My dad, Earl Brindle died in December, 2006.
Over the past few years, I find myself having conversations with my father especially during my morning walks. I’ll be thinking about some problem or concern and, suddenly, I’ll be asking Dad what he thinks. He doesn’t talk back but, in some way, I do feel his presence. He’s also shown up as a participant in my dreams. I’ll wake up and have to remind myself that Dad’s no longer “here”. I’m not sure what that means but were I to visit a psychoanalyst I’m sure that they’d have a field day with that information.
It’s odd because I didn’t have that many conversations with my father when he was alive.
As I’ve grown older, I’ve started to notice similarities between myself and my father. Our body types are more alike than I’d once thought. I like learning new things and sharing information with others that might help them to increase their understanding or improve their life. Although perceived by some to be an outgoing socializer, my nature is to be somewhat of a loner. At home, I’m not handy. Neither was he. But I know it and hire experts. He tried to do it himself. Then we brought in the experts!
My mother had been mythologizing Dad for my brother, Alan and me ever since we were kids. In Mom’s eyes, he was perfect in every way. And my father was a terrific role model: self-educated, intellectually curious, ethical, compassionate, generous, friendly, self-deprecating, great sense of humor, civic-minded, concerned citizen, loyal & devoted husband, interested & involved parent, honest, reliable, trustworthy, helpful, courteous, kind, cheerful, thrifty, brave, clean, and reverent. A solid, upstanding role model. As the first born son of a role model like this, it’s not a total surprise to me why I’ve had a problem with authority figures all my life!
Dad grew up during The Great Depression. He would have easily done well in college but his parents were poor and couldn’t afford to send him. So, he did his best, served his country during World War II, worked hard, provided for his family, weathered adversity, and lived a productive, honorable life. We Baby Boomers may feel like we’ve been having a tough time during these past five years but my father and most others of his generation lived through and survived during much tougher times. Somehow, they made it through and managed to thrive. Rather than whining and bemoaning our losses, we need to learn from their example, do what’s best for our country and humanity, and get on with our lives.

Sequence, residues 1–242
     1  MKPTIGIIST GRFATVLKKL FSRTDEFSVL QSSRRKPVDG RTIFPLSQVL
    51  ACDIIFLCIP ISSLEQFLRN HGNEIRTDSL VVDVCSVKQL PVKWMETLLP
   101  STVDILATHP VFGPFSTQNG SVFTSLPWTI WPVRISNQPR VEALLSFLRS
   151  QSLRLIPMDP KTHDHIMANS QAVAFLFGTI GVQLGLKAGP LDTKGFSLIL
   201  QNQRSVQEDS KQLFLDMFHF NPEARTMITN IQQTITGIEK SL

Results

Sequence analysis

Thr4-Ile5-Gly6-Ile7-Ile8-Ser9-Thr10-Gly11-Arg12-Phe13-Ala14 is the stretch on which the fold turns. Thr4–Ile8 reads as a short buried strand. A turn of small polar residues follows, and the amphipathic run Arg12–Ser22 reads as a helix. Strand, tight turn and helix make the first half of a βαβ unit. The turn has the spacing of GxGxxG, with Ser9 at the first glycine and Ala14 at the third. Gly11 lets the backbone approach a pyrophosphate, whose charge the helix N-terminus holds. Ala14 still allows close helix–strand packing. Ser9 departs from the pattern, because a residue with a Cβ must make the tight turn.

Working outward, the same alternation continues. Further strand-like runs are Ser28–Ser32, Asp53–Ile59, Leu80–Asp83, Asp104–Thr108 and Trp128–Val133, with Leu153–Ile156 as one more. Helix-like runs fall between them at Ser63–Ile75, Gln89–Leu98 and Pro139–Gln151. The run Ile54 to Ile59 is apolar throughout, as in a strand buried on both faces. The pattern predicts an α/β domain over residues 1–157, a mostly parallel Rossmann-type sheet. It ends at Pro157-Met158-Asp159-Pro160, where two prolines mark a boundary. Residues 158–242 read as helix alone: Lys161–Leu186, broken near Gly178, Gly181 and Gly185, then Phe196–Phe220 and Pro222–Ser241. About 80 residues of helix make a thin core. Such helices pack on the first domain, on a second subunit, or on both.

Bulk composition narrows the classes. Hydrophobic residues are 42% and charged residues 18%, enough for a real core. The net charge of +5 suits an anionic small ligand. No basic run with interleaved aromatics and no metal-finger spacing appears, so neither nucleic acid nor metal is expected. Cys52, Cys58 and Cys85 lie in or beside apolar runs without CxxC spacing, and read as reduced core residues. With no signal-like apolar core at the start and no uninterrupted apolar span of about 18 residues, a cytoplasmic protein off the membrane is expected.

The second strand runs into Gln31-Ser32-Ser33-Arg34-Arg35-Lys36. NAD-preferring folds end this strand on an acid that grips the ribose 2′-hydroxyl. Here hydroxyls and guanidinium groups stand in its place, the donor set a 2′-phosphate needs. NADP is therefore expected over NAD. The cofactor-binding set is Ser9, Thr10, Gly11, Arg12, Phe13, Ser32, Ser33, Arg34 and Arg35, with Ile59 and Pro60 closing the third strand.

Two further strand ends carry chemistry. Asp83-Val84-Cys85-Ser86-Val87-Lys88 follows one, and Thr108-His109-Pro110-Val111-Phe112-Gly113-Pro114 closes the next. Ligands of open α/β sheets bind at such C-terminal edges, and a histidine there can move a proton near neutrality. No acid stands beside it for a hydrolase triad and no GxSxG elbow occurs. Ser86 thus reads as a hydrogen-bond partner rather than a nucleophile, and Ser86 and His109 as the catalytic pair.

Through his actions and his words, Earl N. Brindle taught me about being a generous and compassionate friend and neighbor, about being a trustworthy and equal partner in marriage, about being a good parent and about being focused on getting the job done right. I’m still his work in progress.
My father is one of the reasons I ended up in Saratoga Springs. Dad loved to ride horses, a skill he picked up in Wyoming during his stint with the Army Air Forces, and enjoyed watching them race. Along with such sporting events as the Saturday night boxing matches, NY Giants football, and Red Sox baseball, we would always watch the Triple Crown races together. When I moved to Saratoga and took him to our legendary race course in August to watch the morning workouts, he was in heaven. Along with being able to give him a granddaughter who he adored, I’m glad that I was able to give him those experiences at Saratoga Race Course.
I’m grateful for the time that my dad spent with me at the baseball field trying (unsuccessfully) to help me become a better player, trying to teach me how to fish (again, unsuccessfully), and risking his life and his sanity as he endeavored to teach his 16 year old eldest son how to drive.